The previously issued memorandum also directs the Treasury to consider forgiveness elements of the deferred tax; however, forgiveness legislation is up to Congress.
House Ways & Means Committee member, Rep. Kevin Brady (R-TX), has noted he will introduce such legislation, although the likelihood of (timely) passing such legislation amid election and political uncertainty does not seem likely.
Consider the implementation costs, tracking, payroll re-programming (twice) and also the implications of employees who may leave before the deferred tax is repaid. The “responsible party” rules allow the IRS to collect unpaid taxes from corporate officers, partnership members, employees and other people responsible for collecting and depositing taxes withheld (and “Trust fund” taxes, such as these, are non-dischargeable in bankruptcy).
If the employer does not pay in the deferred amounts by April 30, 2021, they will be subject to interest and penalties, including a “trust fund recovery penalty.”
Employers should consider their short-term horizons and employee expectations before implementing any changes. Consider how to navigate retirements, parental leave or exiting employees.
Postponement now will give employees more take-home pay, but at the beginning of next year, an employee’s social security tax rate effectively doubles for the first four months (6.2% on current wages plus the 6.2% deferred from the prior 4 months). This may pose challenges for employees that cease employment at any time during the payback period. For employees that cease employment, the entire amount likely comes due immediately.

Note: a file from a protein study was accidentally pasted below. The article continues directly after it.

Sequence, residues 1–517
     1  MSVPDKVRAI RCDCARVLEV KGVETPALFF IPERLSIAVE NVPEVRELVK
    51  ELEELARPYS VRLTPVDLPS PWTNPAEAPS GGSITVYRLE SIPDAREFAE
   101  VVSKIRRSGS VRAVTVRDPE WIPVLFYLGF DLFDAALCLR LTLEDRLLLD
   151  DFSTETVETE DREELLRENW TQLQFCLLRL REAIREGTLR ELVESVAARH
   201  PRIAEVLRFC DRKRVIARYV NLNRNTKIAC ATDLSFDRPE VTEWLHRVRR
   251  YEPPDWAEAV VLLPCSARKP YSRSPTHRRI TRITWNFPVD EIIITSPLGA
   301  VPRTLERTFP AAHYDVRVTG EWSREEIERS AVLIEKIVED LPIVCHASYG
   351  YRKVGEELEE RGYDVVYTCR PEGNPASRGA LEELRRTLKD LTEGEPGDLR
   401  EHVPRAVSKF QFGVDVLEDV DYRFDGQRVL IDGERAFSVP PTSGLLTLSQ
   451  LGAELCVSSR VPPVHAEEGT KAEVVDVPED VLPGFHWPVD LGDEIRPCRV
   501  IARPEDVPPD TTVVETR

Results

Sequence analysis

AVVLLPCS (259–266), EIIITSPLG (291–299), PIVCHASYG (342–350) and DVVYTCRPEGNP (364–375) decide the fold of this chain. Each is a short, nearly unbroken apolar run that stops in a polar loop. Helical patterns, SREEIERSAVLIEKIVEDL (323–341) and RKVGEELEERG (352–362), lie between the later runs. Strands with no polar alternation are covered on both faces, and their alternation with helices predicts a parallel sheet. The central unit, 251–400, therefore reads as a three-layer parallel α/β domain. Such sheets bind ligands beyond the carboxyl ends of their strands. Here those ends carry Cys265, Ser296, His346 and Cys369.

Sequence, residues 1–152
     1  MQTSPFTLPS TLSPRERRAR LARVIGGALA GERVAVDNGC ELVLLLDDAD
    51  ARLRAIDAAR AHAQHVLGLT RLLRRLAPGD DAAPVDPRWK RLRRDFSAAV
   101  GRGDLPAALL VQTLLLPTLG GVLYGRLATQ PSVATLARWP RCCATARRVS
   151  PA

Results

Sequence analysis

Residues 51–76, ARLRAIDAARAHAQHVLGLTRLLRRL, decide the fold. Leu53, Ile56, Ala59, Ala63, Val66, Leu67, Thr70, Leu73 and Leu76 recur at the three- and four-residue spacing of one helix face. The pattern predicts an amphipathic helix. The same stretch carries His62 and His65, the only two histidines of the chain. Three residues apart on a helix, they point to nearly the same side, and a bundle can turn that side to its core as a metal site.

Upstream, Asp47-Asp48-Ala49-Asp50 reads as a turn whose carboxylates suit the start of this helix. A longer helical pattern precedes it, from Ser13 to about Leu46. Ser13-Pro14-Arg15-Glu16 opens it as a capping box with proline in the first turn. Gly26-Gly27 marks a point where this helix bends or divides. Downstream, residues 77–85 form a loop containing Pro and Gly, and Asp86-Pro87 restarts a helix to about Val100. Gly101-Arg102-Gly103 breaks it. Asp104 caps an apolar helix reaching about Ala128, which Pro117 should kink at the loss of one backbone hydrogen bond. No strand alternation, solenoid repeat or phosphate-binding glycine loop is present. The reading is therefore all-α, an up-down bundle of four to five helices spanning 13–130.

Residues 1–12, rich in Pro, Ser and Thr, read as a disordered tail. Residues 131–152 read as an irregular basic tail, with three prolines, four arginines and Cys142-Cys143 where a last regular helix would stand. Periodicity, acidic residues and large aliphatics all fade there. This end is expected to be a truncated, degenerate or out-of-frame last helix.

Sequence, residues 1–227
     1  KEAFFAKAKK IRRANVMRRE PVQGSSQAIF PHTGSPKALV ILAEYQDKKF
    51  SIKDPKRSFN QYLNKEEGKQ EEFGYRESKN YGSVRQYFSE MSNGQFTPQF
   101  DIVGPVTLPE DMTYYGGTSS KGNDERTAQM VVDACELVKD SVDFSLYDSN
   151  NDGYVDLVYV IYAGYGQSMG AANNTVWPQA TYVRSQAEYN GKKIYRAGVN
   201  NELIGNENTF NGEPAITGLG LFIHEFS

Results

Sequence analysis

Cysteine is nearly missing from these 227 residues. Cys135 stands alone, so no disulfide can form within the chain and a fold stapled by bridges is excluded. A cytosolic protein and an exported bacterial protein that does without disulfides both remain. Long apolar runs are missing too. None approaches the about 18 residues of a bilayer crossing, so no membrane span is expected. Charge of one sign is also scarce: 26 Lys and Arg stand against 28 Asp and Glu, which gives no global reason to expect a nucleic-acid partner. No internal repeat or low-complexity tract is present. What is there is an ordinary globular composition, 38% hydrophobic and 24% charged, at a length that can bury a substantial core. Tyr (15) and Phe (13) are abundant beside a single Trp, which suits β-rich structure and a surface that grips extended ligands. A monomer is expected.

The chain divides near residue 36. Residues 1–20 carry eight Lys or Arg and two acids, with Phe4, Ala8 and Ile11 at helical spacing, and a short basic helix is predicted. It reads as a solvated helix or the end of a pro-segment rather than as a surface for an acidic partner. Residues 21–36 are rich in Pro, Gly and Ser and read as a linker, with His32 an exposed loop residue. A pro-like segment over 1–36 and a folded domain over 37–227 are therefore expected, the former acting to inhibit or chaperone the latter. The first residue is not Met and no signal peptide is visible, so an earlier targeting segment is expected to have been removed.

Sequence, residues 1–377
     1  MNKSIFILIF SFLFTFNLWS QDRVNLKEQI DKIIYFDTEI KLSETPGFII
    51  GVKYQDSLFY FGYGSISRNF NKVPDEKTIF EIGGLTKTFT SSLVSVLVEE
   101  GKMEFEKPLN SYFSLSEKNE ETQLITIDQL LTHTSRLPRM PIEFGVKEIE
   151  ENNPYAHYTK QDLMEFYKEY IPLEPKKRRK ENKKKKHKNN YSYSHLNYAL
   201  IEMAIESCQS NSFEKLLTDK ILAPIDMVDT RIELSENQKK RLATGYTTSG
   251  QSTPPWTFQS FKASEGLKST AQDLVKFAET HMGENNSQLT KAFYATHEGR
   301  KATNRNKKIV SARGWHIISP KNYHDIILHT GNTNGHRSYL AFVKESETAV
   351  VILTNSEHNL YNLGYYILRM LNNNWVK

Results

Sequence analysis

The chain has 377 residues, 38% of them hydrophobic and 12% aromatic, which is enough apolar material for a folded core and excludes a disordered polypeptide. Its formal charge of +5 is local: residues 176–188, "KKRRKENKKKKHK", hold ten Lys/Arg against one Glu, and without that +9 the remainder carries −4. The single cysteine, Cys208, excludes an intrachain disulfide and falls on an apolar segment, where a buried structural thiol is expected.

Employers remain on the front lines of this uncertainty, and they will need to examine the complexities of payroll tax deferral and decide on whether they can offer this benefit to electing employees.
Your tax advisors at Frazier & Deeter will continue to provide updates as any further clarifications or changes arise.
About the Author
Lucia Nasuti Smeal is a guest blogger on tax topics for Frazier & Deeter. Smeal is an attorney, a tax professor with Georgia State University’s J. Mack Robinson College of Business and with Franklin University, and former editor of Tax Notes Today, published by Tax Analysts. Smeal also worked as a legislative analyst for the Congressional Research Service and is a former member of the U.S. House Periodical Press Corps. She is a frequent speaker on current tax developments.